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  1. keannu's Avatar
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    #1

    they are still liabilities

    Does the writer consider "Liabilities" as a broader concept than "debt"? Even if you buy something and keep it, that's not a debt. I can't get the underlined easily. Maybe he thinks as the title implies, whatever causes money out of your pocket is called liabilities.
    3) Liabilities = Money out of Your Pocket
    Liabilities are the opposite of assets. That is, they take money out of your pocket. Lots of things mentioned earlier, such as TV or a computer in your room, are liabilities because you took money out of your wallet when you bought them.
    Even though you sell them later for cash, they are still liabilities because you will get much less money than what you paid to buy them. Liabilities also include whatever you owe. If you borrow money from a friend or a family member, for example, it is a liability called debt. Did your parents use their credit card to buy you a new cell phone? Then they just created another liability. Also, if your brother or sister took out a loan from a bank to pay for college

  2. MikeNewYork's Avatar
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    #2

    Re: they are still liabilities

    Quote Originally Posted by keannu View Post
    Does the writer consider "Liabilities" as a broader concept than "debt"? Even if you buy something and keep it, that's not a debt. I can't get the underlined easily. Maybe he thinks as the title implies, whatever causes money out of your pocket is called liabilities.
    3) Liabilities = Money out of Your Pocket
    Liabilities are the opposite of assets. That is, they take money out of your pocket. Lots of things mentioned earlier, such as TV or a computer in your room, are liabilities because you took money out of your wallet when you bought them.
    Even though you sell them later for cash, they are still liabilities because you will get much less money than what you paid to buy them. Liabilities also include whatever you owe. If you borrow money from a friend or a family member, for example, it is a liability called debt. Did your parents use their credit card to buy you a new cell phone? Then they just created another liability. Also, if your brother or sister took out a loan from a bank to pay for college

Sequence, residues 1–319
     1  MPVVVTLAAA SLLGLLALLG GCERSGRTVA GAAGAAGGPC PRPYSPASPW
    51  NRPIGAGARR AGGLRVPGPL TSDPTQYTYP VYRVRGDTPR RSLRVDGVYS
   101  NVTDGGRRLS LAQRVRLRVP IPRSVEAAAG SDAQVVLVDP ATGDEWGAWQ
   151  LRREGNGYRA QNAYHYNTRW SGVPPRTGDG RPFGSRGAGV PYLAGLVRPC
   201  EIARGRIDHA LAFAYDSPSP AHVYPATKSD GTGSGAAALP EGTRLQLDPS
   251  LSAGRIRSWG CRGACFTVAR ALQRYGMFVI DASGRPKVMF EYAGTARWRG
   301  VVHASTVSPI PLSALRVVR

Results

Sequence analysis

The writer seems to be talking only about financial liabilities.

  3. Grumpy's Avatar
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    #3

    Re: they are still liabilities

    Quote Originally Posted by keannu View Post
    Does the writer consider "Liabilities" as a broader concept than "debt"? Even if you buy something and keep it, that's not a debt. I can't get the underlined easily. Maybe he thinks as the title implies, whatever causes money out of your pocket is called liabilities.
    3) Liabilities = Money out of Your Pocket
    Liabilities are the opposite of assets. That is, they take money out of your pocket.
    Lots of things mentioned earlier, such as TV or a computer in your room, are liabilities because you took money out of your wallet when you bought them. Even though you sell them later for cash, they are still liabilities because you will get much less money than what you paid to buy them. Liabilities also include whatever you owe. If you borrow money from a friend or a family member, for example, it is a liability called debt. Did your parents use their credit card to buy you a new cell phone? Then they just created another liability. Also, if your brother or sister took out a loan from a bank to pay for college

    I'm not an accountant, but I think that most of them would disagree with the sentences I have coloured red above. As I understand it, what defines a "liability" is a future obligation to settle it. Thus, any sorts of borrowing or debts are certainly liabilities - but, since there is no specific future necessity to sell your "TV or computer", they are assets. The fact that the present value of your TV is less than what you paid for it is irrelevant: it's still an asset.

    I believe that someone called Robert Kiyosaki is pushing this new, broader, definition of what constitutes a liability. However, I haven't come across many who agree with him..
    I'm not a teacher of English, but I have spoken it for (almost) all of my life....

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  1. [General] liabilities vs. debt
    By thedaffodils in forum Ask a Teacher
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    Last Post: 12-Oct-2008, 18:49

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